Drug may reduce bad memories
31 May 2011
Recalling painful memories while under the influence of the
drug metyrapone reduces the brain’s ability to re-record the negative
emotions associated with them, according to researchers at the
Centre for Studies on Human Stress of Louis-H. Lafontaine Hospital,
University of Montreal.
The team’s study challenges the theory that memories cannot be
modified once they are stored in the brain. “Metyrapone is a drug
that significantly decreases the levels of cortisol, a stress
hormone that is involved in memory recall,” explained lead author
Manipulating cortisol close to the time of forming new memories
can decrease the negative emotions that may be associated with them.
“The results show that when we decrease stress hormone levels at the
time of recall of a negative event, we can impair the memory for
this negative event with a long-lasting effect,” said Dr. Sonia
Lupien, who directed the research.
Thirty-three men participated in the study, which involved
learning a story composed of neutral and negative events. Three days
later, they were divided into three groups – participants in the
first group received a single dose of metyrapone, the second
received double, while the third were given placebo. They were then
asked to remember the story.
heir memory performance was then evaluated again four days later,
once the drug had cleared out.. “We found that the men in the group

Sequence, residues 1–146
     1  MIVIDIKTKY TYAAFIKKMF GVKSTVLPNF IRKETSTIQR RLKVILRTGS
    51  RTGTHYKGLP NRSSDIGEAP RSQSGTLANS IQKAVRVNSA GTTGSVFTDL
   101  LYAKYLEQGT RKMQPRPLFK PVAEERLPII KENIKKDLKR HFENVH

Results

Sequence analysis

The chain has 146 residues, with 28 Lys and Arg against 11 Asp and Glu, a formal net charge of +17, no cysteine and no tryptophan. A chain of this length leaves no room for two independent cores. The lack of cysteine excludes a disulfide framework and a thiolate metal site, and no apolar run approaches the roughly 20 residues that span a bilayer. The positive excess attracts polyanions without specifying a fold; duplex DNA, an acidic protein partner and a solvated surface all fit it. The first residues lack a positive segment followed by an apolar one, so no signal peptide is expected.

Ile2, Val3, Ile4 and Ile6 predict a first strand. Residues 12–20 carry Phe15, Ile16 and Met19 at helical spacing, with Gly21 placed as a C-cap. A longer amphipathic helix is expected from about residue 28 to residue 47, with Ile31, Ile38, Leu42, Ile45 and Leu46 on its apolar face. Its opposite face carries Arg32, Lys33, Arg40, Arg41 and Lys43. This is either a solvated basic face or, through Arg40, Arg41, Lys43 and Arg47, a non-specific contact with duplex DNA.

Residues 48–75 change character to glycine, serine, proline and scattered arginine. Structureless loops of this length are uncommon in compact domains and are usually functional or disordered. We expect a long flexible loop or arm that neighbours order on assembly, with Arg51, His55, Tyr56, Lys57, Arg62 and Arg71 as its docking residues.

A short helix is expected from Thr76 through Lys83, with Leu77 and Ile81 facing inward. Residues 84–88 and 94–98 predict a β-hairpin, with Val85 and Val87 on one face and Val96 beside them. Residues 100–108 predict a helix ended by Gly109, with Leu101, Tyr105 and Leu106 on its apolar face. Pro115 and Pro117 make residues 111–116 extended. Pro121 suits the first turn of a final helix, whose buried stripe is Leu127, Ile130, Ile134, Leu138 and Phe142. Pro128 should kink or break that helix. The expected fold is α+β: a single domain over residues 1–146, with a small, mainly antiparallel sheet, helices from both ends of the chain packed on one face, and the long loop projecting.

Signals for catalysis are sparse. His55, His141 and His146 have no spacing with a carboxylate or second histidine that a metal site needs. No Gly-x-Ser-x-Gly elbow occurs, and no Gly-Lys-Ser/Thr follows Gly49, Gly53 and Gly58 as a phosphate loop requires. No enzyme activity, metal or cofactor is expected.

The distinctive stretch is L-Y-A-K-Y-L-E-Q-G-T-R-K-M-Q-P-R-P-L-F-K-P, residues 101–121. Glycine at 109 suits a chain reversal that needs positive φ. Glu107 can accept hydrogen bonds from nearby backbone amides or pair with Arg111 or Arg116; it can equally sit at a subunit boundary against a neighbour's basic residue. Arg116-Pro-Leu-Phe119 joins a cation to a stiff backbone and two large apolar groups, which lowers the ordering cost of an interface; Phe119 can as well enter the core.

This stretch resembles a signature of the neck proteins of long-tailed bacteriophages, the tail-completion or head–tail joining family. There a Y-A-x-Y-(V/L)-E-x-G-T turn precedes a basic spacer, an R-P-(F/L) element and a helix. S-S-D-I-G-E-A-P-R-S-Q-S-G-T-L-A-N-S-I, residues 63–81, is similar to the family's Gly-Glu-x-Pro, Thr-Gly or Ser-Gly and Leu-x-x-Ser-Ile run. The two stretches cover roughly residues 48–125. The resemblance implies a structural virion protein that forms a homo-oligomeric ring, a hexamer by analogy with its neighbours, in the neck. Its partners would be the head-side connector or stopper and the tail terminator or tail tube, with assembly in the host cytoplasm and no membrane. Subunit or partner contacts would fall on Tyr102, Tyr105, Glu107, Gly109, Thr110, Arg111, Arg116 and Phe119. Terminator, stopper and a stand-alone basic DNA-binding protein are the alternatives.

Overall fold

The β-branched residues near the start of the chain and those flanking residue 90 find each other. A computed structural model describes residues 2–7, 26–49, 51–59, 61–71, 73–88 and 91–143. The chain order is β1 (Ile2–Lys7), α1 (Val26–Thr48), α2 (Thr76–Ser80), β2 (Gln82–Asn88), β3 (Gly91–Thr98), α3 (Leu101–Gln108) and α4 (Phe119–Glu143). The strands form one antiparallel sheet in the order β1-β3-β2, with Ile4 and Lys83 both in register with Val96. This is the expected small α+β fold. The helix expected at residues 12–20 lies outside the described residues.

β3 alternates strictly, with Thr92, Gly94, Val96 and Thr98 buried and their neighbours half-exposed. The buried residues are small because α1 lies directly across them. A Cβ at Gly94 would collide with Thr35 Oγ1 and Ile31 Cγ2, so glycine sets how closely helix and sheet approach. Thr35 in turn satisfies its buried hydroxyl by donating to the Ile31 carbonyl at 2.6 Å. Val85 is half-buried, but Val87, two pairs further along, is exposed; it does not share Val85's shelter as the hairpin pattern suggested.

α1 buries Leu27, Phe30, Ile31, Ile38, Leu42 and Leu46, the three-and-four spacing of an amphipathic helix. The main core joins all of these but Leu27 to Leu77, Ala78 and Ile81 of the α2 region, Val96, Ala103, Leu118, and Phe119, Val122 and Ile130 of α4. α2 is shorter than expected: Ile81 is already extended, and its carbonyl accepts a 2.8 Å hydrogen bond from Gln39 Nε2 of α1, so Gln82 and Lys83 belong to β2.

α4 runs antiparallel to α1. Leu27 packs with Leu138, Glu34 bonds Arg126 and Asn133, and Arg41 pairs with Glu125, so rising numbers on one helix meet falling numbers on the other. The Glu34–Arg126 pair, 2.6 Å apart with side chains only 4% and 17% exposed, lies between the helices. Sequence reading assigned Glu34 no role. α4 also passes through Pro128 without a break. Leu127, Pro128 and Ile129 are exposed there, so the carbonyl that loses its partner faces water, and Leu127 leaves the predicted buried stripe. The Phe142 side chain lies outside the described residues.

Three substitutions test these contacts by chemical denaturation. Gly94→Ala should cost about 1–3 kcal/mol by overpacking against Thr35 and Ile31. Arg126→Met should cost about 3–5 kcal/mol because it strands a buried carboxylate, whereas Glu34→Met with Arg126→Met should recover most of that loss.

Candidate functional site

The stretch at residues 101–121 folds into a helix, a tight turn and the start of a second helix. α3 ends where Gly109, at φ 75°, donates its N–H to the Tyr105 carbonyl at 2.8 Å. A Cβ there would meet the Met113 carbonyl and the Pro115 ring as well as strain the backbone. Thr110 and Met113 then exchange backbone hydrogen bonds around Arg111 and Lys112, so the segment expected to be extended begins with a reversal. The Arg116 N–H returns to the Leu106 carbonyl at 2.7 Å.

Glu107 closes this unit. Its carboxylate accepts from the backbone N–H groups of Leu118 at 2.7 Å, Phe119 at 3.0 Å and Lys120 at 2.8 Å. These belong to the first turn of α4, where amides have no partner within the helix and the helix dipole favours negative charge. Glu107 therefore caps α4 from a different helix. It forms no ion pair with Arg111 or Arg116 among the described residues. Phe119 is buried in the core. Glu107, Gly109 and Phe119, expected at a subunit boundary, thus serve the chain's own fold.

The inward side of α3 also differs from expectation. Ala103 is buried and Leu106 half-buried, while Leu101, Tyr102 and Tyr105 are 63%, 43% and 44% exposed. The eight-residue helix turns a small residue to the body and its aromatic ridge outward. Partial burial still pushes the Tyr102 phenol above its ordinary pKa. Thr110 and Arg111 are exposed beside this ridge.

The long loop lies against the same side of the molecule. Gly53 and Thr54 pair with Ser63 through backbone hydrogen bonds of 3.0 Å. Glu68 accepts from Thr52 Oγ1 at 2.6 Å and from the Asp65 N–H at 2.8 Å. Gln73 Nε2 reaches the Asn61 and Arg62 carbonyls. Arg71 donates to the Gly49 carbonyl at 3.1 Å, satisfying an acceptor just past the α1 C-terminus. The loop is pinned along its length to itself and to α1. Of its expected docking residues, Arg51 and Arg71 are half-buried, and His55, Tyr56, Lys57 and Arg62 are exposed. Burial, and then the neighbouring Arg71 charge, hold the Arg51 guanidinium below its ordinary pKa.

who received two doses of metyrapone were impaired when retrieving
the negative events of the story, while they showed no impairment
recalling the neutral parts of the story,” Marin explained. “We were
surprised that the decreased memory of negative information was
still present once cortisol levels had returned to normal.”
The research offers hope to people suffering from syndromes such
as post-traumatic stress disorder. “Our findings may help people
deal with traumatic events by offering them the opportunity to
‘write-over’ the emotional part of their memories during therapy,”
Marin said. One major hurdle, however, is the fact that metyrapone
is no longer commercially produced.
Nevertheless, the findings are very promising in terms of future
clinical treatments. “Other drugs also decrease cortisol levels, and
further studies with these compounds will enable us to gain a better
understanding of the brain mechanisms involved in the modulation of